Barronelle Stutzman turns down deal from Washington attorney general

The attorney general offered her a lighter punishment in exchange for denying her Christian faith… and she surprised him by saying no.

Here is her full response:

Dear Mr. Ferguson,

Thank you for reaching out and making an offer to settle your case against me.

As you may imagine, it has been mentally and emotionally exhausting to be at the center of this controversy for nearly two years. I never imagined that using my God-given talents and abilities, and doing what I love to do for over three decades, would become illegal. Our state would be a better place if we respected each other’s differences, and our leaders protected the freedom to have those differences. Since 2012, same-sex couples all over the state have been free to act on their beliefs about marriage, but because I follow the Bible’s teaching that marriage is the union of one man and one woman, I am no longer free to act on my beliefs.

Your offer reveals that you don’t really understand me or what this conflict is all about. It’s about freedom, not money. I certainly don’t relish the idea of losing my business, my home, and everything else that your lawsuit threatens to take from my family, but my freedom to honor God in doing what I do best is more important. Washington’s constitution guarantees us “freedom of conscience in all matters of religious sentiment.” I cannot sell that precious freedom. You are asking me to walk in the way of a well-known betrayer, one who sold something of infinite worth for 30 pieces of silver. That is something I will not do.

I pray that you reconsider your position. I kindly served Rob for nearly a decade and would gladly continue to do so. I truly want the best for my friend. I’ve also employed and served many members of the LGBT community, and I will continue to do so regardless of what happens with this case. You chose to attack my faith and pursue this not simply as a matter of law, but to threaten my very means of working, eating, and having a home. If you are serious about clarifying the law, then I urge you to drop your claims against my home, business, and other assets and pursue the legal claims through the appeal process. Thanks again for writing and I hope you will consider my offer.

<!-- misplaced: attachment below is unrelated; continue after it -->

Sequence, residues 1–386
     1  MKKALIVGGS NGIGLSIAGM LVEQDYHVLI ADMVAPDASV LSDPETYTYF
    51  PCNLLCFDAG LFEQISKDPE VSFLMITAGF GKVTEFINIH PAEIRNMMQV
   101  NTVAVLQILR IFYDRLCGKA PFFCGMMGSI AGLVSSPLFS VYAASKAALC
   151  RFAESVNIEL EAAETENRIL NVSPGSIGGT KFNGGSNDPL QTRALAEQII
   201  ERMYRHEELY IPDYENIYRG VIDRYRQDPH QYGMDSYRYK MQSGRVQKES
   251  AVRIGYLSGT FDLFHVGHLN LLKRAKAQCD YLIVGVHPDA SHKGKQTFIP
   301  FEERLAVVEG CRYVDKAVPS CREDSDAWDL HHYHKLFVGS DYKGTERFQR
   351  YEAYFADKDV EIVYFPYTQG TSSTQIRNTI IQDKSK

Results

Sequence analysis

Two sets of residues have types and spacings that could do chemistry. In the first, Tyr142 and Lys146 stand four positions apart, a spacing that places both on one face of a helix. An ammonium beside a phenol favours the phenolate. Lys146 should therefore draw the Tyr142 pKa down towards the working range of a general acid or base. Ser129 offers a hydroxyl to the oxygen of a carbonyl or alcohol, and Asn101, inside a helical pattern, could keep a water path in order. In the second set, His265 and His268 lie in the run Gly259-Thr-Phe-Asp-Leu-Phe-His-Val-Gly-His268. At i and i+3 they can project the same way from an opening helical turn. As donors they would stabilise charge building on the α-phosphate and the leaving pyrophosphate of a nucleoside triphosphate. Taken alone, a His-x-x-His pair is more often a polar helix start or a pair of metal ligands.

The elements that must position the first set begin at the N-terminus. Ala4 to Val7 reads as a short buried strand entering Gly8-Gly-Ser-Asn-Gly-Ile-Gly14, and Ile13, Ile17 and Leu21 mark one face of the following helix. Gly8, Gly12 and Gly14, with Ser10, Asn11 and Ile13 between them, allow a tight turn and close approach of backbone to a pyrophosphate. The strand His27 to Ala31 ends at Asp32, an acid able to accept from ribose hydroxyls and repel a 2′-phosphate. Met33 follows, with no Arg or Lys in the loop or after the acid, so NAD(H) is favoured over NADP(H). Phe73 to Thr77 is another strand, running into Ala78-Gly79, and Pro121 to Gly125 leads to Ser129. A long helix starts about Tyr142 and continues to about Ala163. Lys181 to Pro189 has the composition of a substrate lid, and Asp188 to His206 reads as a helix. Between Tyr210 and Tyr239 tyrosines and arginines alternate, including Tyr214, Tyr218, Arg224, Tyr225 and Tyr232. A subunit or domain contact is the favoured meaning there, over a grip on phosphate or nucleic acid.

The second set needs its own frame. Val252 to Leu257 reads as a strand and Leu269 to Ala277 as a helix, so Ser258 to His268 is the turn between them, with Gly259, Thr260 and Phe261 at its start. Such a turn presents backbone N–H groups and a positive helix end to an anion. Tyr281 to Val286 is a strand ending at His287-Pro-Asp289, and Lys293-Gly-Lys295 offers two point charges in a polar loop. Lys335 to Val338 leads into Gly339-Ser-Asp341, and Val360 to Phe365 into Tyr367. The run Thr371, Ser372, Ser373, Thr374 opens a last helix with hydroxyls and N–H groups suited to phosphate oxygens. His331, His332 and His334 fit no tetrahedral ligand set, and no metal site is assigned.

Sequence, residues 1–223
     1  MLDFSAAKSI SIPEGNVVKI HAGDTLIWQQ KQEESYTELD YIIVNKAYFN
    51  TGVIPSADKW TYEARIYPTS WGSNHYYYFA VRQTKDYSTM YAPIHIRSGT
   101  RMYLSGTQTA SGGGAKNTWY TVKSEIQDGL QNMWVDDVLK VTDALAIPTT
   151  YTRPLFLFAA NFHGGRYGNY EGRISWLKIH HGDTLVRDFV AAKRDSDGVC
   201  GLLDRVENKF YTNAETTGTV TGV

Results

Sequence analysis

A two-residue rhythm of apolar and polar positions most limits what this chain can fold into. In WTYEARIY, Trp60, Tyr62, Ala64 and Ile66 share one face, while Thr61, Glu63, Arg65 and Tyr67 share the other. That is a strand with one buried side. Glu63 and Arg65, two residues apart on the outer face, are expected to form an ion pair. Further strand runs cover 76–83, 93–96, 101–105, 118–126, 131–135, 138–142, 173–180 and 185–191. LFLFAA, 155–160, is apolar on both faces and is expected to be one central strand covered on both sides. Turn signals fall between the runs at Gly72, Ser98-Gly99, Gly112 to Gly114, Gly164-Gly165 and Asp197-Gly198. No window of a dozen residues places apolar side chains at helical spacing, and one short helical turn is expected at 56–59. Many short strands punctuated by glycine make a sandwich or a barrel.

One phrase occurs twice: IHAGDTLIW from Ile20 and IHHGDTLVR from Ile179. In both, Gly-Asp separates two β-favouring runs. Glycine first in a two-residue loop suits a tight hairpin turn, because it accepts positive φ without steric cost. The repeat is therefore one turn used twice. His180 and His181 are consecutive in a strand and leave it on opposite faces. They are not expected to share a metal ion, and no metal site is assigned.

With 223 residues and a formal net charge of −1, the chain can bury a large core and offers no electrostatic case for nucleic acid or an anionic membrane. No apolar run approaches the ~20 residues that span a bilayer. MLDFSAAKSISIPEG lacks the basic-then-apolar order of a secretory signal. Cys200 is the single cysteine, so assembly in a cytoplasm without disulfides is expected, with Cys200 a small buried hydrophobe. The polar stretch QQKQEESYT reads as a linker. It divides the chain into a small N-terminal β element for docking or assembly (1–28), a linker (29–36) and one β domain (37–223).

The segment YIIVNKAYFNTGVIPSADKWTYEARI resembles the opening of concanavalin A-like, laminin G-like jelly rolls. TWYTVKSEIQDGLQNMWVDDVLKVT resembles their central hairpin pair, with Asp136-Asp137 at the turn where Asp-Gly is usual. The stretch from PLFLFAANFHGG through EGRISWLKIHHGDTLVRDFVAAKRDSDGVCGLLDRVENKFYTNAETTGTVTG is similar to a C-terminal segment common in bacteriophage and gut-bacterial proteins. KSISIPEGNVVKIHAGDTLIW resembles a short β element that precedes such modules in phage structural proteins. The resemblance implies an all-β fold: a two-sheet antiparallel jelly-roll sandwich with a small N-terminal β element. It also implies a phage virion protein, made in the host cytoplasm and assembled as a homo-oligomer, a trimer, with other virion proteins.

Sincerely,

Barronelle Stutzman

The attorney general is a Democrat, of course, and Washington is a very blue state. The whole case is troubling, but it’s really troubling that Stutzman is paying Ferguson’s salary through her taxes. She is paying him to do this to her. It’s always a scary thing to me when Christians have to have their consciences trampled at the hands of a government that they pay taxes to employ. I am sorry for Barronelle. I don’t think that she should have to celebrate something she disagrees with.

If there is one thing that troubles me about her statement, it’s that she cashes out her opposition to gay marriage in purely religious terms, and I think that’s not he right approach. The right approach is to talk about how children suffer when they are denied their mother or their father or both, how same-sex marriage undermines marital norms of exclusivity and permanence, how same-sex marriage undermines religious liberty, etc. But still, it’s important that she fight this and that everyone understands how same-sex marriage changes society.